|Title||Hemba Figure Hands Bound in Back Congo African Art|
|Type of Object||Figure, carving, memorial figure|
|Country of Origin||Democratic Republic of Congo|
|Approximate Age||20th century|
|Dimensions||21.5 inches H. x 6 inches W.|
|Overall Condition||Poor. Most of our pieces have spent decades on at least two continents, and have been treasured by several owners. Small splits, scrapes and cracks are a normal part of their patina attesting to their age and extensive use. We examine each piece carefully when we receive it and report any damage we find in our listings. Please look carefully at the pictures which may also reveal condition and damage.|
|Damage/Repair||Arrested bug damage to leg, hole in head, hole and big chips in leg and base, large cracks in back of head and in shoulder, scratchets|
A well carved male figure with hands bound to the back and with a turned head. This figure comes from the Hemba. It may represent a slave or a man possessed by malevolent forces. The use and function of such figurines are unclear. This could be an illustration of evil, a didactic piece used by the diviner in the process of tracking a sorcerer or a bad spirit. The theme of this little and marvelous piece is intricate and make this piece more exciting than many large figures.
Hemba number around 80,000 and live on the right bank of the Lualaba River west of Lake Tanganyika. They have been heavily influenced by their neighbors to the south, the Luba. Elements from the Luba are still present in the socio-political organization of the Hemba. The Hemba are divided into large clans headed by a hereditary leader known as the "Fumu Mwalo," who administers justice and watches over the ancestor figures. It is only in the last quarter century that their art has been identified as distinct from that of the Luba. Thus, many masterpieces in museums and famous collections have had to be reclassified. The most common of the Hemba ancestor figures are called "singitis". These figures can be very tall, usually male and in standing position with the hands along the body or resting around the navel, elaborate coiffure commonly cruciform, elongated or round face with serene expression. They were kept in special houses or in the house of the clan leader, "Fumu Mwalo". "Fumu Mwalo" would consult these ancestor figures, and also make offerings and sacrifices to them some important decision is to be made or every time the community needs ancestors help. The warm colored patina comes as a result of extended us through offerings and touching. Singiti figures serve as intercessors between the living and the dead and as effigies of ancestor to recognize lineage heads and document title to land. Singiti figures are not strictly considered to be portraits of particular individuals. They depict rank, social status and ethnic identity through stance, hair-style and dress.The figure illustrated here is a small version of the a statue and miniatures such as this were used for individual protection. The world's greatest museums and private collections are filled with Hemba and Luba sculpture, as the beauty of some of their finest pieces transcends those of almost any other African culture. For such a small group, their impact on the art world has been extraordinary.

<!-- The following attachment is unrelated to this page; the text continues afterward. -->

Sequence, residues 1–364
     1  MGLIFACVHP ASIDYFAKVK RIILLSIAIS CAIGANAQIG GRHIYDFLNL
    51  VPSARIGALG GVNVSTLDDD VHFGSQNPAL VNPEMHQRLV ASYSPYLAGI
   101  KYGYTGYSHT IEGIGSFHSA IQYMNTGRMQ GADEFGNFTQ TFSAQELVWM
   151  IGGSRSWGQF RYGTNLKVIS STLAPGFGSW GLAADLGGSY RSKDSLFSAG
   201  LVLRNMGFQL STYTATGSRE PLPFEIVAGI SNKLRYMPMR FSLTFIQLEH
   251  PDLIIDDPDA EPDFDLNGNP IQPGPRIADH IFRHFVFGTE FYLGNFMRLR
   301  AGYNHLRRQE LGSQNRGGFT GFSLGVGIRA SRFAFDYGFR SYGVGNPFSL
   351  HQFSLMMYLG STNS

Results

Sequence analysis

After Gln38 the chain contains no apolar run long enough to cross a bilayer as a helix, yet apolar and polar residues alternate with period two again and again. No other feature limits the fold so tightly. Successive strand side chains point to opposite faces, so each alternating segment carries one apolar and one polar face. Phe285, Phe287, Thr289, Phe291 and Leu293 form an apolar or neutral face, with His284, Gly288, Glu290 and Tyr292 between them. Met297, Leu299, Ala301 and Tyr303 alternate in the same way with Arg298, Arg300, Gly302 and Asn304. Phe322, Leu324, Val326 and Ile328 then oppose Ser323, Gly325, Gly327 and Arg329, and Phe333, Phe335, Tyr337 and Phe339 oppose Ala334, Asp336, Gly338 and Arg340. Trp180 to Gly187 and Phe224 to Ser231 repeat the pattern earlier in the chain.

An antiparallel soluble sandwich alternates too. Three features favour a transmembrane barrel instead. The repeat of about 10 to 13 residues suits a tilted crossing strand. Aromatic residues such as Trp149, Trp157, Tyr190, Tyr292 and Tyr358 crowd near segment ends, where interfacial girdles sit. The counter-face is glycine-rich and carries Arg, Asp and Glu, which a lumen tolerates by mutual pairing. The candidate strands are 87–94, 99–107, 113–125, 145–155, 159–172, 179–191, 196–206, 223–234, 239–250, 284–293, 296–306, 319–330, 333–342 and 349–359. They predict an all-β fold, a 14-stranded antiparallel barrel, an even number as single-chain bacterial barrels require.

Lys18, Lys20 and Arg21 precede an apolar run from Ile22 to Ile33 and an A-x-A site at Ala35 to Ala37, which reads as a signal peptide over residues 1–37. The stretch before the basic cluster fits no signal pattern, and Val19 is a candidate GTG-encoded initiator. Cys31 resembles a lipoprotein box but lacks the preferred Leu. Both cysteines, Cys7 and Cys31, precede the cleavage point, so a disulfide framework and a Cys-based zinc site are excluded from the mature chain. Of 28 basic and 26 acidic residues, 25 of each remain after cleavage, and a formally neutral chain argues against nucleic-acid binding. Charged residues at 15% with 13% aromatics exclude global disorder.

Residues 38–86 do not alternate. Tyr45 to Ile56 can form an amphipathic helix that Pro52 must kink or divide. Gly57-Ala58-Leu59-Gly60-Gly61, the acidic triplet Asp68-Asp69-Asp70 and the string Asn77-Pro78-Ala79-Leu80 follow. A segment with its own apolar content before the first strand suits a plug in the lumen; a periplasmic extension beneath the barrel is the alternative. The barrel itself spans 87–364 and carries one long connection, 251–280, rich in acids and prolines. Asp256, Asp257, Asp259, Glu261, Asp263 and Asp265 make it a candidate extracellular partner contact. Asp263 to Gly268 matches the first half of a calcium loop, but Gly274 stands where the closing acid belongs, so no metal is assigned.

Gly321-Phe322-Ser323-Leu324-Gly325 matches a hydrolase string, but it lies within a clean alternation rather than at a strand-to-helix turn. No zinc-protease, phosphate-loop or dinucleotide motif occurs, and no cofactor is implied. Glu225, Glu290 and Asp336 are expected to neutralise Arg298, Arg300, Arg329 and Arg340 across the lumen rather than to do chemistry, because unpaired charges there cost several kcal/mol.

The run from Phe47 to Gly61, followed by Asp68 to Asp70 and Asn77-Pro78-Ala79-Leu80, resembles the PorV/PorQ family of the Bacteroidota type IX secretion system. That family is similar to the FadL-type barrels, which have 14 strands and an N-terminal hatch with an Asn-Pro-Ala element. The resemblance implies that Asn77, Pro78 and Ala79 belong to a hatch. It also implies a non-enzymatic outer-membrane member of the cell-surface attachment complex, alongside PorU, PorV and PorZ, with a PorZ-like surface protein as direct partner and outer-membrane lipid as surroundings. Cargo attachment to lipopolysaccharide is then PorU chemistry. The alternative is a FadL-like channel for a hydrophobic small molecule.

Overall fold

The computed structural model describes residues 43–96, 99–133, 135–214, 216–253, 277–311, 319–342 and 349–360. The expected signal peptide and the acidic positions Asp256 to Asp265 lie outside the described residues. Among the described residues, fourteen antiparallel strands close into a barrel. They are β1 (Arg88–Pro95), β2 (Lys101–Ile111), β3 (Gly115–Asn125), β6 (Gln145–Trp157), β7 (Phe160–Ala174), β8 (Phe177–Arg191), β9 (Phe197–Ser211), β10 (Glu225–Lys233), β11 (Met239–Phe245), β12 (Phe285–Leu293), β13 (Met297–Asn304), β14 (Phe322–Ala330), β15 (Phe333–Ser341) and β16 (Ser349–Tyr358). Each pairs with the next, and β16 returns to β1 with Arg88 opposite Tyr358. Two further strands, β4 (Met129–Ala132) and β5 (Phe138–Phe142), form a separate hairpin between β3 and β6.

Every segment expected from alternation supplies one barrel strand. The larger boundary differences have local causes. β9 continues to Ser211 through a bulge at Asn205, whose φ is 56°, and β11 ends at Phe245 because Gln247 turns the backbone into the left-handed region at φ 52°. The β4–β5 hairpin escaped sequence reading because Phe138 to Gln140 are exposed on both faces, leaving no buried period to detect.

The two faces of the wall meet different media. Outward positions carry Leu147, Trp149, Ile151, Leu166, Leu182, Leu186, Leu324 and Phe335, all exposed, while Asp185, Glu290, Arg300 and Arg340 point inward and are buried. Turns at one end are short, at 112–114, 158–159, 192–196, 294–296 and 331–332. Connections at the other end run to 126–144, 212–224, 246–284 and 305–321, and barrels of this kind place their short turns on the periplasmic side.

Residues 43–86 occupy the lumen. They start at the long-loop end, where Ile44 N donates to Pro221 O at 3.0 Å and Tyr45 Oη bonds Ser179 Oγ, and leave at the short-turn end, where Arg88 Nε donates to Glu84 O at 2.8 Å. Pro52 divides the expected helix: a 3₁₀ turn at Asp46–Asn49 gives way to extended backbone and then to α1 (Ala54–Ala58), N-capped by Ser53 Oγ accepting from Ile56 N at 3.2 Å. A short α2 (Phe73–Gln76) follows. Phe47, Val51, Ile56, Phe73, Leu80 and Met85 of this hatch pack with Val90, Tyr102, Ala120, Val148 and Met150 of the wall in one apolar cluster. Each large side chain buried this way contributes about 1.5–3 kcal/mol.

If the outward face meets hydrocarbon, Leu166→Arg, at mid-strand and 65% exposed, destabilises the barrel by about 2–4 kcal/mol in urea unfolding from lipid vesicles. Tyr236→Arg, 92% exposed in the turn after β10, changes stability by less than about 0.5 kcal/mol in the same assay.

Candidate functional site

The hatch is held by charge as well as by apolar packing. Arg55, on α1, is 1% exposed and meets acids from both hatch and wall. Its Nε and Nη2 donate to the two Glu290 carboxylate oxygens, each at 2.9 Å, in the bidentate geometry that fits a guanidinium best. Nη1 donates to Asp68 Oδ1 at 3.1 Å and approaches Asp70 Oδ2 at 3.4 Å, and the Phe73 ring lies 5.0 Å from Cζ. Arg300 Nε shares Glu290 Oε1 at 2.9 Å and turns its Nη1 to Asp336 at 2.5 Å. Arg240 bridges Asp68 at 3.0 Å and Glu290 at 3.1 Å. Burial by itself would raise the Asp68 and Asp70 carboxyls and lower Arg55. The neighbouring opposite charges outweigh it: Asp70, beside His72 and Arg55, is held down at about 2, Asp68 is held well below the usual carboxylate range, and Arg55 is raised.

Recommended Reading: Francois Neyt, LA GRANDE STATUAIRE HEMBA DU ZAIRE, Louvain-La-Neuve, 1977
I have examined this piece and agree with the description.
niangi Batulukisi, PhD.